After the fall of the Berlin Wall, debates occurred in all Central and Eastern European countries about what should be done with the public monuments to socialist ideology. After considering destroying them in Hungary, the authorities finally decided to keep the statues erected during the socialist period and display them in a dedicated park. Memento Park was inaugurated in 1993 in Budapest’s 22nd district, along Route 7. Designed by the architect Áko Eleodn, it aimed to preserve this heritage and create “a space for reflection and critical analysis”(1). It’s a gamble that has paid off, as the atmosphere of this singular place captivates visitors.
The size of the statues, the space between them, and the propaganda museum set up in the park give visitors a clear idea of how propaganda and the cult of personality came to be imposed on the citizens of socialist countries. The labels accompanying the statues on display don’t say much. Here, it’s a question of traveling through time, of feeling rather than reading. The Memento Park, though dilapidated, has the power to transport visitors to another time and place.
At the entrance to the park, Karl Marx and Friedrich Engels greet visitors with stern stares.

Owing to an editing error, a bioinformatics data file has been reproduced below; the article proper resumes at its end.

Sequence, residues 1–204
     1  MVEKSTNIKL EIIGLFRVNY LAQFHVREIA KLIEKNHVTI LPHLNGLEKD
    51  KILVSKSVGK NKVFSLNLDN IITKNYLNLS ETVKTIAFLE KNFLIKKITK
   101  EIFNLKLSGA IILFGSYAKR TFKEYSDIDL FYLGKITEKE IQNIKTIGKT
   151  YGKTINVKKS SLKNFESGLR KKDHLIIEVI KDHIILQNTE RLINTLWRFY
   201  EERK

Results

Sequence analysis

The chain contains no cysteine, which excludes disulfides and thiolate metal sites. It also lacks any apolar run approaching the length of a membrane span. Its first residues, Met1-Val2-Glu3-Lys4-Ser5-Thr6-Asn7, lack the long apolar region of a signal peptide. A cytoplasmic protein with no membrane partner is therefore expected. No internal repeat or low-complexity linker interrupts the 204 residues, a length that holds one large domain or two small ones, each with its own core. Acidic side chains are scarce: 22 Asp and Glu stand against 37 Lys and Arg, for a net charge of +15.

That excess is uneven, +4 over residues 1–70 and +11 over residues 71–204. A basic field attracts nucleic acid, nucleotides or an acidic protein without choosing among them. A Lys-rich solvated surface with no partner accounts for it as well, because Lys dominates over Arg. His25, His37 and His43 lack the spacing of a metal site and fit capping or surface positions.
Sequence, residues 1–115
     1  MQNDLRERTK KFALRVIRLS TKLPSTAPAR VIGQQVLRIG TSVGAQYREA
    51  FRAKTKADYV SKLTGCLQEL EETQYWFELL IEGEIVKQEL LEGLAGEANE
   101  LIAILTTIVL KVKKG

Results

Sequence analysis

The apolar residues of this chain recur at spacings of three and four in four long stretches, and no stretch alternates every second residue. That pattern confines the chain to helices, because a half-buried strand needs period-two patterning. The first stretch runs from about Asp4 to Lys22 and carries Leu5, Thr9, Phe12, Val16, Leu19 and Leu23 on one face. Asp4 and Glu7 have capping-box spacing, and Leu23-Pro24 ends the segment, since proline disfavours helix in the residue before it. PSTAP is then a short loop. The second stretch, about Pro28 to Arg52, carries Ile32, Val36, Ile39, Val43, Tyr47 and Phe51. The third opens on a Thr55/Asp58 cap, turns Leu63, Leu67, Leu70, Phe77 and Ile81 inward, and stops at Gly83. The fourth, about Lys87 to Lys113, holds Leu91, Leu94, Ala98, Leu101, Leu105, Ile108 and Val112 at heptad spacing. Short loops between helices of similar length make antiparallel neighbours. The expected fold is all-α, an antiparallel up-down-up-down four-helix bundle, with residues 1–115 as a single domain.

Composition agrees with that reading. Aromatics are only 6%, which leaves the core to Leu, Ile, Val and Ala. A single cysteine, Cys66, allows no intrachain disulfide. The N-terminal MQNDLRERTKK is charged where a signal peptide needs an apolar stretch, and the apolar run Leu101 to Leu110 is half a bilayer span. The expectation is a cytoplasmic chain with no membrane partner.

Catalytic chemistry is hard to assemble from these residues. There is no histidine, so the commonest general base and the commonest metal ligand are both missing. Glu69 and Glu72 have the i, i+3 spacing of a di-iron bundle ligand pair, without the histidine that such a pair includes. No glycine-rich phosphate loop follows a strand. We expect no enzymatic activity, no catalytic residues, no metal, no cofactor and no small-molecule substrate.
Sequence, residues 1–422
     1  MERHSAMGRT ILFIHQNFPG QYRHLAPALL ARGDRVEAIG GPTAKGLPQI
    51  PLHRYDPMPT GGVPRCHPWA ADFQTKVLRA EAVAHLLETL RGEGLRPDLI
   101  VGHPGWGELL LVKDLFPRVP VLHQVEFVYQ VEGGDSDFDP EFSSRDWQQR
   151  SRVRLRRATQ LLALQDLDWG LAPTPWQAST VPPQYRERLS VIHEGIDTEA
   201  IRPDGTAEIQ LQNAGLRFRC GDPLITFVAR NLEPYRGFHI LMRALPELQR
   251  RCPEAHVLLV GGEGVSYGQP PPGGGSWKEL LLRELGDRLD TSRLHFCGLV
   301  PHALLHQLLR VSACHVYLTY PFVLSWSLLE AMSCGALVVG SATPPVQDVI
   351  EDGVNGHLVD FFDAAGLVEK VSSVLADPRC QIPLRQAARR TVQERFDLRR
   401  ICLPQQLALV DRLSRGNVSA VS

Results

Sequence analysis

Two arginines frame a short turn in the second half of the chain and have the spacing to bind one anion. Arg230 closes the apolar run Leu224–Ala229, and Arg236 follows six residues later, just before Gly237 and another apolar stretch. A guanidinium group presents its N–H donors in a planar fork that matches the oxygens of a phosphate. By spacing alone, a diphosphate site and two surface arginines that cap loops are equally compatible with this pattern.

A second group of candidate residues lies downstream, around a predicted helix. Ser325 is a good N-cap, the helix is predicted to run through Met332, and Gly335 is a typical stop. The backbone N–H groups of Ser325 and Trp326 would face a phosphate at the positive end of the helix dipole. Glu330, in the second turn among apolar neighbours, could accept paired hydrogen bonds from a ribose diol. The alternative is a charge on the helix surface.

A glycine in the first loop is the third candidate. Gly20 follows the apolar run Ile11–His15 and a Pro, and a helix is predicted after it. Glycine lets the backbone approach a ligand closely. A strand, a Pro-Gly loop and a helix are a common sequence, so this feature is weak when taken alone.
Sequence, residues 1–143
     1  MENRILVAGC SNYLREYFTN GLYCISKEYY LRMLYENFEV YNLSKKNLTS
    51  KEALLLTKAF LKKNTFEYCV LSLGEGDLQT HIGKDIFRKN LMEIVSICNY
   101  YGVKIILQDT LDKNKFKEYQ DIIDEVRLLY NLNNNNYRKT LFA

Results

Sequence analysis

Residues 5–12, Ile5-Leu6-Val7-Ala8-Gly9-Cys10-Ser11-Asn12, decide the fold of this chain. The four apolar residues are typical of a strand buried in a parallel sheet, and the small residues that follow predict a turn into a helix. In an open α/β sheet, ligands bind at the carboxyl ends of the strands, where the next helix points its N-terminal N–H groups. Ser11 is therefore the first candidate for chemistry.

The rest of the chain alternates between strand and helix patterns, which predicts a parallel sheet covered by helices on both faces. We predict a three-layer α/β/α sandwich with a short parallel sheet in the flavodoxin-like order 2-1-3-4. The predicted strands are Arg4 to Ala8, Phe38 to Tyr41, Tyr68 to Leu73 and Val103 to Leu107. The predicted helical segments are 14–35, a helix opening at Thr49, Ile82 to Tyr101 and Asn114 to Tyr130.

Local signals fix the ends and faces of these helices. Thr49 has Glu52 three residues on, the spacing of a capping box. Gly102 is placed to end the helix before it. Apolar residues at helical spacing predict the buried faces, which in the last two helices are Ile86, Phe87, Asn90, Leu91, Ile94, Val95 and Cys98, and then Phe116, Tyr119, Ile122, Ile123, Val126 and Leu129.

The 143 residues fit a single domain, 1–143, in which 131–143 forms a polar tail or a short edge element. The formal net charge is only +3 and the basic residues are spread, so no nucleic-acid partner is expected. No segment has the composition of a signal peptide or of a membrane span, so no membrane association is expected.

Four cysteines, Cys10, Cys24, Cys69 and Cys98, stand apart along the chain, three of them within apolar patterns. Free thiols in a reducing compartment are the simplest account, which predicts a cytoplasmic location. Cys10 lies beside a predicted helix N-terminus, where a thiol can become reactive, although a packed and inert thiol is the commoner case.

Memento Park is divided into six large circles around which the statues are arranged. A seventh circle, decorated with the Communist star, is placed in the middle of the park.
In the foreground are the statues of Captains Steinmetz and Ostapenko, who died during the Nazi siege of Budapest in 1944. Separated for decades in the Hungarian capital, they are finally reunited.
The Soviet-Hungarian Friendship Memorial shows a Hungarian worker sincerely offering his friendship, with both hands, to a more reserved Soviet soldier.
Monument to the Republic of Councils, based on a revolutionary poster from 1919.
The statue of Lenin was erected on 7 November 1958 at the entrance to the Csepel metallurgical plant after Nikita Khrushchev, visiting Budapest in April 1958, was surprised that there was no monument to remind workers of the power of communist ideology.
The Béla Kun memorial was inaugurated in 1986 to mark the 100th anniversary of the birth of the political leader of Hungary’s short-lived Republic of Councils, who fell victim to the massive Stalinist purges and was rehabilitated in 1956.
As a child (aged 4), Lenin symbolizes purity and confidence in a radiant future. His cult was designed to appeal to young socialists.
Stalin’s boots are the only remnant of the dictator's statue destroyed by the mob during the 1956 revolution.
Thumbnail: Destroyed in 1956 but rebuilt in 1958, the statue of the Red Army soldier is 6 meters high.
* Assen Slim (text and photos) is an economist and university professor (INALCO).